As President Barack Obama’s administration moves forward with negotiations with Iran over a nuclear deal, many are questioning if Iran can be trusted to comply.
Iran, the United States and five other international powers intend to establish a framework agreement by the end of March for a long-term deal that curbs Iran’s nuclear ambitions. But verifying information about Iran’s nuclear program is a challenge at present, according to the International Atomic Energy Agency, conservative pundit Liz Cheney said on Fox News Sunday March 22.
"The IAEA last month said the Iranians are not currently living up to their obligations," said Cheney, daughter of former Vice President Dick Cheney, referring to the question of verification.
We weren’t able to get in touch with Cheney. But the IAEA pointed us to a February report regarding Iran’s implementation of the Nonproliferation of Nuclear Weapons Treaty safeguards. The agency is in charge of inspecting Iran and other countries’ nuclear programs and answers to the United Nations.
The IAEA found, in sum, that it could not affirm that Iran was fully complying with the Nonproliferation of Nuclear Weapons Treaty because Iran did not provide enough information for the agency to clarify outstanding questions.
"The Agency is not in a position to provide credible assurance about the absence of undeclared nuclear material and activities in Iran, and therefore to conclude that all nuclear material in Iran is in peaceful activities," the report said.
In March 10 remarks to the IAEA Board of Governors, Director General Yukiya Amano elaborated on the report's findings. The IAEA is able to verify that while all of Iran’s declared nuclear material and activities are peaceful and in accordance with their safeguard agreements, they are not able to make the same assurances about undeclared material and activities.
"The Agency remains concerned about the possible existence in Iran of undisclosed nuclear related activities involving military related organizations, including activities related to the development of a nuclear payload for a missile," the report said.
Iran is expected to comply with the agency’s expectations because it is an IAEA member state, said David Albright, president of the Institute for Science and International Security, a Washington-based group that aims to stop the spread of nuclear weapons.
Because Iran has in some cases stonewalled the IAEA -- preventing them from verifying whether Iran’s past and present nuclear programs are entirely peaceful -- the agency has felt for years that Iran has not "lived up to its obligations," Albright said.
Iran has dodged IAEA questions about past work on nuclear weapons for at least three years, according to the New York Times. Specific outstanding issues the IAEA has with Iran include questions about a missile initiator system and neutron calculations.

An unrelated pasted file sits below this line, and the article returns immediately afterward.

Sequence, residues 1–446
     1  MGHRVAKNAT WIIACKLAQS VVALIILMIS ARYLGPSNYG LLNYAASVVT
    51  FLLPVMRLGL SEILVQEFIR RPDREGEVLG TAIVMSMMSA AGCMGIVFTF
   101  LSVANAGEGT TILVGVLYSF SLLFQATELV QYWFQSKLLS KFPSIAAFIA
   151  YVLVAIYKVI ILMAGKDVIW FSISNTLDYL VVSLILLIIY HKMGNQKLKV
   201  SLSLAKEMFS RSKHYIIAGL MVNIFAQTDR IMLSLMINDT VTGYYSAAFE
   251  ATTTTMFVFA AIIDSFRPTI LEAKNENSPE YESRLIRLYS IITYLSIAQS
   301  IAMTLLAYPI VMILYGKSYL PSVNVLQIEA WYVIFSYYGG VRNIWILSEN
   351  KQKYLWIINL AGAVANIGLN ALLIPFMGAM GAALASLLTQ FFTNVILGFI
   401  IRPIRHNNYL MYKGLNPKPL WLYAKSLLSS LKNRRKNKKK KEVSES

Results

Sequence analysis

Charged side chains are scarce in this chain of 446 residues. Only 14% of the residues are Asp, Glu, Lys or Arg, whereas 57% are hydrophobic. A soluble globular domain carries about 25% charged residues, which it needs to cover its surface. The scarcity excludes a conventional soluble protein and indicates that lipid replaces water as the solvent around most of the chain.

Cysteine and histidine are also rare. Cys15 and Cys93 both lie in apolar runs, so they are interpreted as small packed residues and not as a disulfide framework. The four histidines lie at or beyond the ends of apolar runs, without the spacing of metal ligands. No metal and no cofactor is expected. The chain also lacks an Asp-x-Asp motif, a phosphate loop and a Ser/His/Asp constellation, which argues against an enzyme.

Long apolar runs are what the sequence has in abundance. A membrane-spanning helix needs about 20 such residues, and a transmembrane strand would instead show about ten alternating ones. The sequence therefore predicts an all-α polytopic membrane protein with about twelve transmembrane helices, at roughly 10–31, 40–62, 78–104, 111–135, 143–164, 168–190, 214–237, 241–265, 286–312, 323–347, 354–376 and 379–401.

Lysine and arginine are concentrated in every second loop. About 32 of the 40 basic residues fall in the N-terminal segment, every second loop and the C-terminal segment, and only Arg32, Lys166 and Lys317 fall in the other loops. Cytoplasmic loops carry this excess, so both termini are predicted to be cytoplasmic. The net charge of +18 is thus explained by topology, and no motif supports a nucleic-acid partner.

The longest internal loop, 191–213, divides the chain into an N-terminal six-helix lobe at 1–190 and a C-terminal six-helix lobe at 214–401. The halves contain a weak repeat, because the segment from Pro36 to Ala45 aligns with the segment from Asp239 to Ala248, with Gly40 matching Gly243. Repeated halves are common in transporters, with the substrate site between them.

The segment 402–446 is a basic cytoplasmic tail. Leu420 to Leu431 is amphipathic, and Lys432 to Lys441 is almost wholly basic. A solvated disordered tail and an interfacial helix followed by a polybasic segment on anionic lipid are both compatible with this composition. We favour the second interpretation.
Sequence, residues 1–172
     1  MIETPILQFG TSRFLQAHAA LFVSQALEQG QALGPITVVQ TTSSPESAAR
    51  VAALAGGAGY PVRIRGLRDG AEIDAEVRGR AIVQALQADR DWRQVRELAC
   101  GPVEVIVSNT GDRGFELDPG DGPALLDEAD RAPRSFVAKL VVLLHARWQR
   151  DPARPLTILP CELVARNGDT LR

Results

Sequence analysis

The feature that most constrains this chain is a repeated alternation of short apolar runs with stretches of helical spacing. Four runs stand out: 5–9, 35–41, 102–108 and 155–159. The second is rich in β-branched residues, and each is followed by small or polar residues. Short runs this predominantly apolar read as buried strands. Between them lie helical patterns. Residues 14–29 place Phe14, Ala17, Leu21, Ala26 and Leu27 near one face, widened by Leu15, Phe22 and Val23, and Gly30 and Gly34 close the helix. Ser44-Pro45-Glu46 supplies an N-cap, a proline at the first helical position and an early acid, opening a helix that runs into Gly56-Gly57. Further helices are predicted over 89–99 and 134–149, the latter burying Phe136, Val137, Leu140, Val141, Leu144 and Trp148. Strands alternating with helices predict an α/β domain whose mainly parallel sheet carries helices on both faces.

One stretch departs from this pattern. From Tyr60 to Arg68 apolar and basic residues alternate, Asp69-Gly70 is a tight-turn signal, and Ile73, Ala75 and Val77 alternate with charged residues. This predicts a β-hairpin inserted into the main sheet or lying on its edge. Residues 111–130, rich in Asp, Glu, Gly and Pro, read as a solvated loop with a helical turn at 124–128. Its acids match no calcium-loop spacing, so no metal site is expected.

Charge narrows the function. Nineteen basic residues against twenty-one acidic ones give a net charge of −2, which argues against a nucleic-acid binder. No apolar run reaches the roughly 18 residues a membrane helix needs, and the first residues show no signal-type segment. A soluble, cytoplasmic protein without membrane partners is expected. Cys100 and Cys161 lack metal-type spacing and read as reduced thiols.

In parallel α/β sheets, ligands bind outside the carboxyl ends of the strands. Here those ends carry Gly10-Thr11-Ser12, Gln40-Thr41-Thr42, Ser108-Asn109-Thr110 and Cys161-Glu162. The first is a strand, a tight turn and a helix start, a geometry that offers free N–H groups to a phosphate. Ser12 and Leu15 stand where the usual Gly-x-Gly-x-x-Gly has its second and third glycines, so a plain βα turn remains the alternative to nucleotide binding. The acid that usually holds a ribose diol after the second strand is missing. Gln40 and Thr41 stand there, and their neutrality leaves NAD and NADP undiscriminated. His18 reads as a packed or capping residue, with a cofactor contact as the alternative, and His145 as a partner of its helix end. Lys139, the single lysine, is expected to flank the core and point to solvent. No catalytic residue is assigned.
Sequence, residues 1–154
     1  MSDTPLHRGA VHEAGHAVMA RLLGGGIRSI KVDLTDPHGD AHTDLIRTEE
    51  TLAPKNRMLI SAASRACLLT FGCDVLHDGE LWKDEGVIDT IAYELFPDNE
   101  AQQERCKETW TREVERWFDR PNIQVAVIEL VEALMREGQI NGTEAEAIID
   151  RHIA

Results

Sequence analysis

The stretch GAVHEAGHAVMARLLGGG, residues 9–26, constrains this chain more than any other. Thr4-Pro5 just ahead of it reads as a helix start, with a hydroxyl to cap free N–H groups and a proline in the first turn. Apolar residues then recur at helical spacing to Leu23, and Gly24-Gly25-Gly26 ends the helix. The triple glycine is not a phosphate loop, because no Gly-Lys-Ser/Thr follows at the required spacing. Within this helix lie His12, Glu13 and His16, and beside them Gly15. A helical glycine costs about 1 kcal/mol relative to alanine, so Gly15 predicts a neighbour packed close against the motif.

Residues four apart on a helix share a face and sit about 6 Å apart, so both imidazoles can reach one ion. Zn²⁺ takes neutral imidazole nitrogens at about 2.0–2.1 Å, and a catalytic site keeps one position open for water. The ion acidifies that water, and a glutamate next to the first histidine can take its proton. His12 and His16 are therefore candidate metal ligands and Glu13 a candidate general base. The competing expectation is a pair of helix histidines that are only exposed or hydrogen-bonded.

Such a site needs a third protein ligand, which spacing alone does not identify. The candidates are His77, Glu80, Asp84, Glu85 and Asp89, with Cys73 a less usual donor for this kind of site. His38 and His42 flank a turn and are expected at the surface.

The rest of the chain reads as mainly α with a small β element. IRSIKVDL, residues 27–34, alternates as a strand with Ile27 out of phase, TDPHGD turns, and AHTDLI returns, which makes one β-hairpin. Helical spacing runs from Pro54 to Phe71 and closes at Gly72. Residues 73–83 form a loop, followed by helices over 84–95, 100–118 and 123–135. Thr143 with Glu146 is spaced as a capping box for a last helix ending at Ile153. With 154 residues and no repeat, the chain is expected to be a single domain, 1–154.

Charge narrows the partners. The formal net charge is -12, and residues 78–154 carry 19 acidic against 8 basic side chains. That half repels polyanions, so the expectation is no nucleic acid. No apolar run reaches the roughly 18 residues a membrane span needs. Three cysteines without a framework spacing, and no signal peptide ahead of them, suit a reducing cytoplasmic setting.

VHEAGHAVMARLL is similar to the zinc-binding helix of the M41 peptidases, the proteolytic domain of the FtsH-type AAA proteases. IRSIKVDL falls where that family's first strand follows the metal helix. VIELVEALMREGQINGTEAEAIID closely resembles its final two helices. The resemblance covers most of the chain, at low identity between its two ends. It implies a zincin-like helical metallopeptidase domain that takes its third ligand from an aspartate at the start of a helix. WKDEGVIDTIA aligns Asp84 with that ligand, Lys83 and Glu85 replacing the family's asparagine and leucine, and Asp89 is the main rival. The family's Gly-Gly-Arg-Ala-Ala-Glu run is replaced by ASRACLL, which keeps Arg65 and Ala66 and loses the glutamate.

Iran’s IAEA envoy told Iranian media that the agency’s claims were baseless, according to Reuters.
In addition, Iran has simply never accepted some of the United Nations resolutions that required them to suspend uranium enrichment and other activities, meaning they haven’t lived up to some of their other obligations, said Matthew Bunn, professor and nuclear weapons expert at Harvard University.
A key distinction
The IAEA’s February report is not related to the interim nuclear agreement (Joint Plan of Action) between the United States, Iran and the five other world powers reached in 2013.
In December, PolitiFact found that the International Atomic Energy Agency has reported no violations with the Joint Plan of Action. (Though Iran did take some actions that certainly cut near the boundaries of the terms of the agreement.)
Additionally, PolitiFact found in November that the interim deal curtailed Iran’s ability to advance its nuclear program, for the first time in about a decade.
The interim deal is fairly limited in scope and doesn’t as much address the problem of Iran not giving IAEA enough access to sites and information, Albright said. If the countries reach a nuclear deal in the coming weeks, it’s likely that it will involve Iran giving the IAEA unfettered access, he added.
While Cheney’s statement is correct in terms of verifying information about undisclosed past activities, it ignores the context that Iran is complying with the latest agreement, said Suzanne Maloney, an Iran and energy expert at the Brookings Institution.
"By avoiding the specific dimension of the IAEA criticism, Cheney’s statement is somewhat misleading," Maloney said.
Bunn agreed that the statement might "carry false implications" because many who hear Cheney’s claim are likely to think she is referring to the interim deal.
Cheney said, "The IAEA last month said the Iranians are not currently living up to their obligations."
The IAEA published a report a month ago that said Iran wasn’t giving the agency the level of access and information required to verify that all nuclear activity in Iran is peaceful -- a violation of their obligations as signatories of the Nonproliferation of Nuclear Weapons Treaty.
That is separate and distinct from the interim Joint Plan of Action deal between the United States and Iran. The IAEA has found Iran is keeping up with its obligations in that regard.
Given the context of Cheney’s comments, people could assume she was talking about the Joint Plan of Action. Because that clarification is needed, we rate her statement Mostly True.